- The Washington Times - Friday, December 18, 2020

House lawmakers on Friday chastised federal officials for failing to provide Congress with sufficient details on the ongoing cyber hack of federal networks and large corporations.

The House Homeland Security Committee and House Committee on Oversight and Reform, which have launched an investigation into the hack, received a closed-door briefing about the cyber breaches on Friday and described the briefing as insufficient.

Rep. Stephen Lynch, Massachusetts Democrat and chair of the oversight committee’s national security subcommittee, said getting any level of specificity about the breach from cyber officials was like “pulling teeth.” Mr. Lynch said as many as 18,000 entities in the private sector and government appear to have been compromised by hackers.

“It is a diverse universe of entities going from nuclear agencies to private firms that deal with finance as well,” Mr. Lynch told reporters after exiting the briefing. “This is very very serious obviously and I don’t think we have our arms around this yet in terms of the potential impact.”

A full list of the federal government agencies affected by the hack remains unknown. On Thursday, federal cybersecurity officials said it discovered hackers used multiple ways to breach computer networks beyond the SolarWinds hack. SolarWinds is a Texas-based software company that counts many government agencies as customers.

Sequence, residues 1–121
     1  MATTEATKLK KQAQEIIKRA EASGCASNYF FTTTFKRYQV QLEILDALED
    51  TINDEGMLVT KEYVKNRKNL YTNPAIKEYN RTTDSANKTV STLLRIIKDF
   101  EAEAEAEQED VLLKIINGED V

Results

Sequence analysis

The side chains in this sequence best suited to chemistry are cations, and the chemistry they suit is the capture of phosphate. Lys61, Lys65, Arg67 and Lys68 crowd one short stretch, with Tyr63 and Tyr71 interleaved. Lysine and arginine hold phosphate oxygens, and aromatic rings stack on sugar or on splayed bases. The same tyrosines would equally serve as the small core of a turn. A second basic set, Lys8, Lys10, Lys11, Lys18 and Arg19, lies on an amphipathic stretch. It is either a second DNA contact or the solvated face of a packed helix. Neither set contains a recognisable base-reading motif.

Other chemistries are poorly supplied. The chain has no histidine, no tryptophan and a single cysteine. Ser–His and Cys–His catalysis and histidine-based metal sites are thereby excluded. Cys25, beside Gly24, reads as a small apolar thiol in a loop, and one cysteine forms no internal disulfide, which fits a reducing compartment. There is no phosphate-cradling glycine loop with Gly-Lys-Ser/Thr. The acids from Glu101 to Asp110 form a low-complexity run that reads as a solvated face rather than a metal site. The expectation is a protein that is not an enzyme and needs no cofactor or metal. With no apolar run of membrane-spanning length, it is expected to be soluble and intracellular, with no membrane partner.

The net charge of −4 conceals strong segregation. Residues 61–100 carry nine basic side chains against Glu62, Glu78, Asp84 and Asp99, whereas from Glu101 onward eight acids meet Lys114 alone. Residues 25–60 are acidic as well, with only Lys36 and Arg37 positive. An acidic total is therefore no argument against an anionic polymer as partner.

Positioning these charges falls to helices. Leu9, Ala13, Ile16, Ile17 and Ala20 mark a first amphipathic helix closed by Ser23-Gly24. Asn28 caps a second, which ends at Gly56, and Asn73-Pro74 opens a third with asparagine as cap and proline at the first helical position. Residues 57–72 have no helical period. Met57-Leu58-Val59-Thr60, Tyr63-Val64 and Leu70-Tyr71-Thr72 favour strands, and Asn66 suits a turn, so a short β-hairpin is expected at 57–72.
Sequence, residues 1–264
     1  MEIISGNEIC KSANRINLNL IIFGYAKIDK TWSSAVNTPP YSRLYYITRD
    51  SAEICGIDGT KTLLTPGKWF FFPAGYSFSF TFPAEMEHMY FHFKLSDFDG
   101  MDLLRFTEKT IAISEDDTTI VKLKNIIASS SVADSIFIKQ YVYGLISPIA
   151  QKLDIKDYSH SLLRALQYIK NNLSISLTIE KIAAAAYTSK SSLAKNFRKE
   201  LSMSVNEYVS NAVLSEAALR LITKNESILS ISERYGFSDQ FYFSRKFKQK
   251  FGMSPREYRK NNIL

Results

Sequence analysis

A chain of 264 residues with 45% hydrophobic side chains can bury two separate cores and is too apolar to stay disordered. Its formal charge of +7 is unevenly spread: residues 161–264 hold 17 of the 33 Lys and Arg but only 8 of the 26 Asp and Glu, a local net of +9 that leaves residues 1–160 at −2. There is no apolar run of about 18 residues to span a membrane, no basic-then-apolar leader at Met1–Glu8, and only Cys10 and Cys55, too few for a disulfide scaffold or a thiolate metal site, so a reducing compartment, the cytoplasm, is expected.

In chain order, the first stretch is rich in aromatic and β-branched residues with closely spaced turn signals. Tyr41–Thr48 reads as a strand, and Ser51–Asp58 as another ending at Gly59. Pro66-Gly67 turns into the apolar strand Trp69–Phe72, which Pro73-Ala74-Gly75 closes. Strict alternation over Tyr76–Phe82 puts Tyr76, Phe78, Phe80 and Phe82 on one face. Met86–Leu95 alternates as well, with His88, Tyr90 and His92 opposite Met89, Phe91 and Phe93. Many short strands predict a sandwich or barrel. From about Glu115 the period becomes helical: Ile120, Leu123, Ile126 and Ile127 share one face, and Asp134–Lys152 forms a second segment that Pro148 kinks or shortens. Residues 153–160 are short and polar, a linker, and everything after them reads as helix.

Among the agencies that are believed to have been breached are the Treasury Department, Commerce Department, State Department, Department of Homeland Security, National Institutes of Health and parts of the Pentagon, according to a letter from Senate Finance Committee leadership requesting a briefing with IRS Commissioner Charles Rettig on the hack.

Many other details about the hack remain uncertain, including what hackers took, when the hacking began and whether the hack was limited to data theft or included any damaging cyberattack.

As he strode past reporters outside the briefing room, Rep. Thomas Massie, Kentucky Republican, said there was more information in news reports than in the closed-door briefing.

Rep. Bennie G. Thompson, Mississippi Democrat and chair of the Homeland Security Committee, said the meeting was telephonic and lawmakers plan to invite the officials to provide an in-person briefing on Saturday morning. Mr. Thompson said the briefing was “incomplete to say the least.”

“We know we have a very deep problem,” Mr. Thompson told reporters. “The length of the problem is still being identified and so it’s a work in progress. Attribution is still a concern of ours.”

Rep. Carolyn B. Maloney, New York Democrat and chair of the oversight committee, told reporters she thought an in-person briefing would be better on Saturday, in part, because of the technical issues they encountered during Friday’s briefing.

“When you’re in person, it’s always better. It’s easier to hear. Half the time, you can’t even hear,” Ms. Maloney said of Friday’s briefing. “We had to have them repeat things because the technology wasn’t working.”

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